Shetland Museum and Archives Unveil Spanish Armada Cannon
by Deborah Leggate -
Shetland Museum and Archives are set to unveil a bronze cannon with gun mount, salvaged from a Spanish Armada ship. The 'media sacre' gun, which has been fully restored, was discovered off Fair Isle in 1970and is at least 422 years old.
The supply ship, El Gran Grifón was the flagship of the urcas (supply ships within the Spanish Armada) sent in August 1588 to invade England. A combination of poor weather conditions and the positionand tactics of the English Navy resulted in defeat for the Spanish Armada. Duringbattle, the El Gran Grifón, captained by Don Juan Gomez de Medina, was attacked by the English ship Revenge captained by Sir Frances Drake.
The surviving ships navigated up the east coast ofBritain, with the prevailing winds pushing them north. Many were wrecked around the coasts of Britain and Ireland. The El Gran Grifón was buffeted back and fore between Ireland and Shetland, before finally running aground at Stromshellier in Fair Isle. The ship ran aground and sank on 28th September 1588.
Shetland has a tradition of hospitality and the islanders provided shelter to the stricken sailors. There were 300 souls on board, most of whom survived the wreck. However food was scarce and there was little to share. 50 of the Spaniards perished in the island over the next two months before they were able to secure transport to neutral territory in Fife and then on to Leith in mainland Scotland. From there some eventually made it back to Spain.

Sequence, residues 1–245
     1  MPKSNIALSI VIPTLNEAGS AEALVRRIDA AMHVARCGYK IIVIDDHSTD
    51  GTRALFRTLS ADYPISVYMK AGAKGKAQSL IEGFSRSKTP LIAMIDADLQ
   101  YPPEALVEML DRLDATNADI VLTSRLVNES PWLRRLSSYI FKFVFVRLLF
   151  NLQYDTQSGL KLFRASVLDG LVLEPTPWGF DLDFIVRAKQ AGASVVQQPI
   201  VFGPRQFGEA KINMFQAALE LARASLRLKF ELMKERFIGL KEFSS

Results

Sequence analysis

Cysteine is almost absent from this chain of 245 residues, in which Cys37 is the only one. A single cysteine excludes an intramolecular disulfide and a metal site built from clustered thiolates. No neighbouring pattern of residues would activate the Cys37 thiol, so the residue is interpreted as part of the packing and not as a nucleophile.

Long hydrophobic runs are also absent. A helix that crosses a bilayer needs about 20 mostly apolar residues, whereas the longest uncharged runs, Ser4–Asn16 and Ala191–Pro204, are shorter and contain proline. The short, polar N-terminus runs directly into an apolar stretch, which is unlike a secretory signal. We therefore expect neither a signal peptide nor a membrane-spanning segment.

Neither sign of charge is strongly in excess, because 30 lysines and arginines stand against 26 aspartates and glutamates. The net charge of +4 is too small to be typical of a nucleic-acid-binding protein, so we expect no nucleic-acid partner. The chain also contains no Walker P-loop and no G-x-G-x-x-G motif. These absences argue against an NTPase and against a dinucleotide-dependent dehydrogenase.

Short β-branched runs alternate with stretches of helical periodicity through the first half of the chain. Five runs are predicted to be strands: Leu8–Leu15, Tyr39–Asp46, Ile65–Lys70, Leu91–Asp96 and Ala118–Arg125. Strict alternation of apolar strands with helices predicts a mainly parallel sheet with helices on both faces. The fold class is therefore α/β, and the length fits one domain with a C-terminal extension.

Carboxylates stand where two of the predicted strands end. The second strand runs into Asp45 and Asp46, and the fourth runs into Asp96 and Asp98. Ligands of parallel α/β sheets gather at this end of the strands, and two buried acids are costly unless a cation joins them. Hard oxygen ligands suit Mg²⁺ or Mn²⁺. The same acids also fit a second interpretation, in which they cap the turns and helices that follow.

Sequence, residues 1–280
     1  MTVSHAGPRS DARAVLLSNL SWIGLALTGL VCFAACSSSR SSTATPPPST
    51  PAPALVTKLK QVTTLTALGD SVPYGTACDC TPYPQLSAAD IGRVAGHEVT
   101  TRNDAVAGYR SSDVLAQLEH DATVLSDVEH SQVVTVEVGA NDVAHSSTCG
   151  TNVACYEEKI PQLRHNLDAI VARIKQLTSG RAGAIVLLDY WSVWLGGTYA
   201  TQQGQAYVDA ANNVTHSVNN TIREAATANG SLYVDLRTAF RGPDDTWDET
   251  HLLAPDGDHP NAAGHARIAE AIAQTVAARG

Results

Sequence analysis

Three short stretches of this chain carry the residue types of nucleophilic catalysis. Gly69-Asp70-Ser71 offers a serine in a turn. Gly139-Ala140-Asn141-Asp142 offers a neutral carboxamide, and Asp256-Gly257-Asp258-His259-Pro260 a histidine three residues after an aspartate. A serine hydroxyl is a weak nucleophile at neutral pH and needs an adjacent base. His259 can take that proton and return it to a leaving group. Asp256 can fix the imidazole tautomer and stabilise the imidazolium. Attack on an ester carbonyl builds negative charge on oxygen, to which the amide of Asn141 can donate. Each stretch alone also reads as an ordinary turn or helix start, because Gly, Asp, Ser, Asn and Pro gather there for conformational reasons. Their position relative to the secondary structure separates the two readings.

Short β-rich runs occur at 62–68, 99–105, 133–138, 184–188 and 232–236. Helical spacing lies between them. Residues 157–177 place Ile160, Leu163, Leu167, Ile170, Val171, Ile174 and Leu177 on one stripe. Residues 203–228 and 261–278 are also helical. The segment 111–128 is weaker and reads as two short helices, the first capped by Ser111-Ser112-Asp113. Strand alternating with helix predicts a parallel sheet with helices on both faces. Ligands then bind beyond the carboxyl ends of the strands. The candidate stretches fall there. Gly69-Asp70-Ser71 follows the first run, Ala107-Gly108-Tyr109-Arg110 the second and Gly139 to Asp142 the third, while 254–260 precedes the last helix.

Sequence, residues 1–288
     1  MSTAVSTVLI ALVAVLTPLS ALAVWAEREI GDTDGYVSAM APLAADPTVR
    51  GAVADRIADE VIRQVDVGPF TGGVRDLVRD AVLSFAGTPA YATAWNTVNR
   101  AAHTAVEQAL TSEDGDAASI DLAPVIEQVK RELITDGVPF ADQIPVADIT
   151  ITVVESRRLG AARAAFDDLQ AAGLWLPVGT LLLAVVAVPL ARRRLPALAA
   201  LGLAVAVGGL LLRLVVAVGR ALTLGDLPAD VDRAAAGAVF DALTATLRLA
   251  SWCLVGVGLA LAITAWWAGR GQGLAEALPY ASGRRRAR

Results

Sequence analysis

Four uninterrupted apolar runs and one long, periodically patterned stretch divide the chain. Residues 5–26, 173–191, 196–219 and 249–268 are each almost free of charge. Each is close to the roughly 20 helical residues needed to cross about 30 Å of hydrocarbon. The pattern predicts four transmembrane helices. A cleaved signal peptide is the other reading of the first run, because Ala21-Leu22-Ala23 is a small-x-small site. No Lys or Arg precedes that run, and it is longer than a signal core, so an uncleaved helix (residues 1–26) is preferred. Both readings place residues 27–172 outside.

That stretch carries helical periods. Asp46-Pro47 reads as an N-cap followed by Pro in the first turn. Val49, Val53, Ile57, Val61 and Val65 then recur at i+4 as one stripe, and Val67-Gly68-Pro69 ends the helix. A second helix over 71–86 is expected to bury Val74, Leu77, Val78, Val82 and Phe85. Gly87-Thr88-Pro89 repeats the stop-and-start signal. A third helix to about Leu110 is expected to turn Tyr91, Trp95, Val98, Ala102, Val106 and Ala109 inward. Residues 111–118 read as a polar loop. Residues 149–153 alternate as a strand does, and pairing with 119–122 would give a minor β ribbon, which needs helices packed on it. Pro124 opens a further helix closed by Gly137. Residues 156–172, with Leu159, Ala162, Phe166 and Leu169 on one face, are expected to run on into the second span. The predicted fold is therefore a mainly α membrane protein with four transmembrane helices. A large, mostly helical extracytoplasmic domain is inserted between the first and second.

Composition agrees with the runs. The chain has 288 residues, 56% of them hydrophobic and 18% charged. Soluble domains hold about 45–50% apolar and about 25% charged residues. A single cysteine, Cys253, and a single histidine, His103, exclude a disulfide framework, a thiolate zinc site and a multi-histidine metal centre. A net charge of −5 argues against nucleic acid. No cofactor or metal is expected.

In 1727 a salvage mission was initiated to recoveritems from the wreck. Two undamaged bronze cannons were raised during this retrieval from a total original armament of 38 guns.
A team of marine archaeologists under Dr Colin Martin of St Andrews University in 1970 salvaged another complete, undamaged bronze cannon. This now belongs to Shetland Museum and Archives and is on display for the first time.
Dr Martin's advice and input over the last two years has led to Shetland Museum and Archives being able to fully restore the gun and commission the recreation of an authentic gun carriage.
The wooden gun carriage has been constructed by the Royal Armouries in Leeds who are Britain's foremost specialists in historic gunnery. The iron fittings have been hand crafted using authentic methods by blacksmith Bruce Wilcock from Hillswick in Shetland. The wrought iron was salvaged from an anchor dredged off the sea bed off the coast of the islands. The iron rings, hooks, bolts and cladding have all been accurately recreated.
Shetland Museum and Archives curator Dr Ian Tait is pleased with the result. He said "The Spanish Armada was a major event in European history which should never have affected Shetland – but it did. Many of the crew survived and stayed in Fair Isle for several months. Hundreds of years on we have this fully restored and magnificent artefact to show the world how we played our part in such a significant event in history."
The cannon with its recreated gun mount will be on showin the foyer of the Shetland Museum and Archives from Monday 2ndAugust 2010 until 13th January 2011. The public are encouraged to come along and view this extraordinary piece of maritime history. Entry is free.